If you are waiting to hear how the review went, it hasn’t come yet. It kept getting postponed, which is great for my worrywart soul but also prolongs the anxiety. Anyway, the project that has taken the most of my time is The Archive. As the best form of presentation, I decided to make an actual antique binder, covered with dark green cloth with metal corners and the photographs would be filed inside, stitched with thread.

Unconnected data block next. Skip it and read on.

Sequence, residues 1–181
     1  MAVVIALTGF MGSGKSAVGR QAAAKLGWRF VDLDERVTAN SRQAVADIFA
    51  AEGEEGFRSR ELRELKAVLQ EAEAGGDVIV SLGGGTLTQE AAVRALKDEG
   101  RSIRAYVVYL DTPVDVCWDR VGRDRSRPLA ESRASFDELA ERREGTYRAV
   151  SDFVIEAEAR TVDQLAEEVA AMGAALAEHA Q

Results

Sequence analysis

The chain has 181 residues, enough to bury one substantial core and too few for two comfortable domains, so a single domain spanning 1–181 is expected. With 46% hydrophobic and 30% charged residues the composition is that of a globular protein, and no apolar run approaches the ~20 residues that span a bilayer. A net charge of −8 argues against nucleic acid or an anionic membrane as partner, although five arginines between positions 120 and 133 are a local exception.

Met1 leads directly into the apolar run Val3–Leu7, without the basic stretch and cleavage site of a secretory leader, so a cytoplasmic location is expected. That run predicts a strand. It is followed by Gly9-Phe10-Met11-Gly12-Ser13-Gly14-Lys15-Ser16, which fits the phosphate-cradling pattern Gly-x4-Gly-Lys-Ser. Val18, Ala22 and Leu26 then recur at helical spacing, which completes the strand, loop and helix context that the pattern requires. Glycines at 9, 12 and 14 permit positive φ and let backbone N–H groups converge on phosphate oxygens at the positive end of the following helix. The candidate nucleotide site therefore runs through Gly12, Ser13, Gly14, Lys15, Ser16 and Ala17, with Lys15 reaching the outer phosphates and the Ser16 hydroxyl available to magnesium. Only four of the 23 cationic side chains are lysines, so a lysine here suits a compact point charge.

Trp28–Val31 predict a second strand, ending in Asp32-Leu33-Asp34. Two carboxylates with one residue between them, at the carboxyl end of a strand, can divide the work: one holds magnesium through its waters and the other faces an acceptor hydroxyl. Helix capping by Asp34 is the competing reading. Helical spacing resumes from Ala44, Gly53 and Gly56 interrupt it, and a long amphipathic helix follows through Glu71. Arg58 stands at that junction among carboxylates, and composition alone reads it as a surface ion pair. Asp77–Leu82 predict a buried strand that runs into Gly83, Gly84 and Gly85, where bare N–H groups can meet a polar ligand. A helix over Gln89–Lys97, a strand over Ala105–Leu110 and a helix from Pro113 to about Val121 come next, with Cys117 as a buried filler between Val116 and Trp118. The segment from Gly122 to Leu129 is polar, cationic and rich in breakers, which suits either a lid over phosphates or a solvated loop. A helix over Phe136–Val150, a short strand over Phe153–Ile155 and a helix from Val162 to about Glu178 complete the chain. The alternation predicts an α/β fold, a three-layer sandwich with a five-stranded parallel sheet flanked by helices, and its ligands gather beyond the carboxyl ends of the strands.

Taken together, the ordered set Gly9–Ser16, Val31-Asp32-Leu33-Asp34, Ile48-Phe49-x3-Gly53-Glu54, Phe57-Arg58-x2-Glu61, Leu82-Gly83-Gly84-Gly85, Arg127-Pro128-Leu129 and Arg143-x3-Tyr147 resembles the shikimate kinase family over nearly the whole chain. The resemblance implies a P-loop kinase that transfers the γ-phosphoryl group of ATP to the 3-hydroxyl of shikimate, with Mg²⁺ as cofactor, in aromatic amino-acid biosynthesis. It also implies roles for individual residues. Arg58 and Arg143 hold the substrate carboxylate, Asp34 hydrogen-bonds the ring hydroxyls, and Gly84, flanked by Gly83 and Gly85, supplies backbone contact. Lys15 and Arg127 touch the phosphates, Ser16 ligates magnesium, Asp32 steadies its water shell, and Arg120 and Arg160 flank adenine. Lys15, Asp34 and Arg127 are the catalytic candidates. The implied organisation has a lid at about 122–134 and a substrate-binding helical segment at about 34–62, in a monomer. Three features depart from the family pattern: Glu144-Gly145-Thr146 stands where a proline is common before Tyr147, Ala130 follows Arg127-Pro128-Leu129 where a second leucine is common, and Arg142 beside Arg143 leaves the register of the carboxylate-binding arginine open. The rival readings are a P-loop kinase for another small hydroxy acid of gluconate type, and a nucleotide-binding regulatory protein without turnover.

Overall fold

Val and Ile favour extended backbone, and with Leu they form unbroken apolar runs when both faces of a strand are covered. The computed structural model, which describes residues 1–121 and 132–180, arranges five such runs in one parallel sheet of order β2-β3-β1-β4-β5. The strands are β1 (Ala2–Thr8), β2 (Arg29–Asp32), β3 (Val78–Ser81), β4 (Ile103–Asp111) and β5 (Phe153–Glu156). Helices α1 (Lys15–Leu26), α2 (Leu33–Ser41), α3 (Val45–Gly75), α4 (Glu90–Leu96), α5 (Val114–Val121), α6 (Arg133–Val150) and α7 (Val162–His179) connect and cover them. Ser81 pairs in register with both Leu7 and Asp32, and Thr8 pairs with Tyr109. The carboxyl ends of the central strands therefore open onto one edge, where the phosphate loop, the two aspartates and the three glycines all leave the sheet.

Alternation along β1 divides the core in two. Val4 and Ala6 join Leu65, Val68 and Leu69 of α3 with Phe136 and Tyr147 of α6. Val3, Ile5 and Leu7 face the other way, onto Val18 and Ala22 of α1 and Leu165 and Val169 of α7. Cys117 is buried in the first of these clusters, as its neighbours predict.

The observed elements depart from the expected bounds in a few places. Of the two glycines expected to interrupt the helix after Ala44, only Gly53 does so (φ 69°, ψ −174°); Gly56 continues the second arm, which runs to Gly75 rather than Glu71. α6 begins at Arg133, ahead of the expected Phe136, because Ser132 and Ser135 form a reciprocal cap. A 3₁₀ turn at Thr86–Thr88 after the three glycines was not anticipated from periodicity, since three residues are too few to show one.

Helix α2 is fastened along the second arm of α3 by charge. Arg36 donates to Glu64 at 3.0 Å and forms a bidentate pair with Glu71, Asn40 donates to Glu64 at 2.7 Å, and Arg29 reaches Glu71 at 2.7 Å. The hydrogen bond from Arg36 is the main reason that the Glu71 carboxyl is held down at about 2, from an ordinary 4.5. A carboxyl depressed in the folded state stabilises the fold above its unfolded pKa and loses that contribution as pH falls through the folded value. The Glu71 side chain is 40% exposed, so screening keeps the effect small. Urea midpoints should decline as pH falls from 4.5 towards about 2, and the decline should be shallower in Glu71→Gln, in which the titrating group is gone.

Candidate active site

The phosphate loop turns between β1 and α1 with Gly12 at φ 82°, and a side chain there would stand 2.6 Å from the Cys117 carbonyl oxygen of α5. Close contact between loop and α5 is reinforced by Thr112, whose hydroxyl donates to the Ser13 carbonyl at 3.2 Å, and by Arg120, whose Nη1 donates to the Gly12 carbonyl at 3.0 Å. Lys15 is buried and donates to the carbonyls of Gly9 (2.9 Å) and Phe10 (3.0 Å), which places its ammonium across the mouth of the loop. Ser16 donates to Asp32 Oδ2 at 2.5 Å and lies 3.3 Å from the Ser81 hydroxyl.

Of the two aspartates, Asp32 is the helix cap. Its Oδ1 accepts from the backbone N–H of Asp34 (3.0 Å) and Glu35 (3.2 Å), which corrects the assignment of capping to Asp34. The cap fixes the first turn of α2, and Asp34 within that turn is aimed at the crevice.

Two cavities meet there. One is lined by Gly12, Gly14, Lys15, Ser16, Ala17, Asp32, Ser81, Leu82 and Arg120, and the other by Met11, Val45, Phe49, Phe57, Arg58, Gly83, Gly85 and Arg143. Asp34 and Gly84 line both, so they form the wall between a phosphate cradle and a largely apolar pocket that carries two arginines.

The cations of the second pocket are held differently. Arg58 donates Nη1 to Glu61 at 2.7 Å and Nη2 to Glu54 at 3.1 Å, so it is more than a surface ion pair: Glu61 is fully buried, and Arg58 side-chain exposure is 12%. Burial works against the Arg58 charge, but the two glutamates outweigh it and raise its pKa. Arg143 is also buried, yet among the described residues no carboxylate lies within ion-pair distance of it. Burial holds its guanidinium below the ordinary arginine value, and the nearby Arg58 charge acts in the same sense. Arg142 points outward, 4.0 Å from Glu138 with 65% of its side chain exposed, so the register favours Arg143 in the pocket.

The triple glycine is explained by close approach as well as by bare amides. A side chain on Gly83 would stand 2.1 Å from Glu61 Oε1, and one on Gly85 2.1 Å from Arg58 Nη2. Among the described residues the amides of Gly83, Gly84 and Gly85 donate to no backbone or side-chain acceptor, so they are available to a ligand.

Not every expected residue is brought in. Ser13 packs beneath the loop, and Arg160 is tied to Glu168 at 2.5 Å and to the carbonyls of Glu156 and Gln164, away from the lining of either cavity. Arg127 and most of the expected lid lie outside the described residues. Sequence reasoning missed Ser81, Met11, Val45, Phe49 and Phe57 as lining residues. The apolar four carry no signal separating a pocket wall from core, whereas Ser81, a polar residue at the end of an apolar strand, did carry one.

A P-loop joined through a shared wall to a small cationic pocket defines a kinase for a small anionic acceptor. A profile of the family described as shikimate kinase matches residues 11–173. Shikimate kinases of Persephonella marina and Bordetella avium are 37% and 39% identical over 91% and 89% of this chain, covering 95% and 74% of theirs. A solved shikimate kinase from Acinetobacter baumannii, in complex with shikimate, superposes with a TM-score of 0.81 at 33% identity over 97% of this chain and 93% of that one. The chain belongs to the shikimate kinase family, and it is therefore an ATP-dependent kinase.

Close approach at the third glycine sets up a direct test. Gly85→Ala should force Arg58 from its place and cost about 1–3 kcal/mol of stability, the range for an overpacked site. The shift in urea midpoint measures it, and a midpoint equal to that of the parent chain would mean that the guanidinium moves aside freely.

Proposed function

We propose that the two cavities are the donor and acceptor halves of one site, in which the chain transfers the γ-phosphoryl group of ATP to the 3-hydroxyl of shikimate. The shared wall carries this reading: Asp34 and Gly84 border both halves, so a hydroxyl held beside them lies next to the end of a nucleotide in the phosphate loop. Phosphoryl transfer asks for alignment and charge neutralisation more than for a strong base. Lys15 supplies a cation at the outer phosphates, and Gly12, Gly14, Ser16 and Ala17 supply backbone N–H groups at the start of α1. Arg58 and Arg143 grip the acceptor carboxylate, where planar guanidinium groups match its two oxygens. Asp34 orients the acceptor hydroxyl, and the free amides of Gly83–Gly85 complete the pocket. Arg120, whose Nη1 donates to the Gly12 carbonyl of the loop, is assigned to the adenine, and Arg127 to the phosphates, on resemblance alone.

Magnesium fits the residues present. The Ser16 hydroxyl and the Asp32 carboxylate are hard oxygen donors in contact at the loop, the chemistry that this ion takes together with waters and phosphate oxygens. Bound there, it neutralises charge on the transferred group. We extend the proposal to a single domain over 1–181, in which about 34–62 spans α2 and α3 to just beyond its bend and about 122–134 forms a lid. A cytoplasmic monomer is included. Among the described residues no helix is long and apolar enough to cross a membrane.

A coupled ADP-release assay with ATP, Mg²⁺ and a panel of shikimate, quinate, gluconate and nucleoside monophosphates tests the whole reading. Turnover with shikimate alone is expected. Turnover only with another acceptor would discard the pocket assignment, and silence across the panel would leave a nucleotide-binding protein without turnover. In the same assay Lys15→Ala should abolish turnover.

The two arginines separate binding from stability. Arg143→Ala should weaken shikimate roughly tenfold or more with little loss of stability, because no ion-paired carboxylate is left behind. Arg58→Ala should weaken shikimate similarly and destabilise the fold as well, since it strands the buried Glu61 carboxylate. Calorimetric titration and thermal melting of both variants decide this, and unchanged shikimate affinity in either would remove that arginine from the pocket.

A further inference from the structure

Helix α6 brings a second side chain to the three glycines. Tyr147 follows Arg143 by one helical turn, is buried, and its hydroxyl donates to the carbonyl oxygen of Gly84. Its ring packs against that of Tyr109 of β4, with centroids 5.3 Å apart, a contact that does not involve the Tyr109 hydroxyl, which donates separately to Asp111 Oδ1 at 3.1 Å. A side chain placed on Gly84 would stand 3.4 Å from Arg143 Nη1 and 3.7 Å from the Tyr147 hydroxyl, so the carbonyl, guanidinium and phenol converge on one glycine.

If you have been following my blog you know that the Archive of Abandoned Dreams is based on the poetry of Dimcho Debelyanov, a Bulgarian symbolist who, after a brief life as a literature student and then clerk (in order to support his family after the death of his father), volunteered for World War I and was killed in a battle with an Irish division. The irony of his life, in which his forced choices were made against his worldview and beliefs points so well to the aesthetics of symbolists, who relished in the impossibility of communication and forged a code of metaphors that distanced them instead of bringing them closer to readers. Debelyanov himself lamented the impossibility of his dreams but then abandoned them willfully with a very symbolic gesture. This way of relating has so much to do with contemporary culture: a world of facebook mirages in which participants create willful representations of their lives that seem more compelling when ambiguous. Continue reading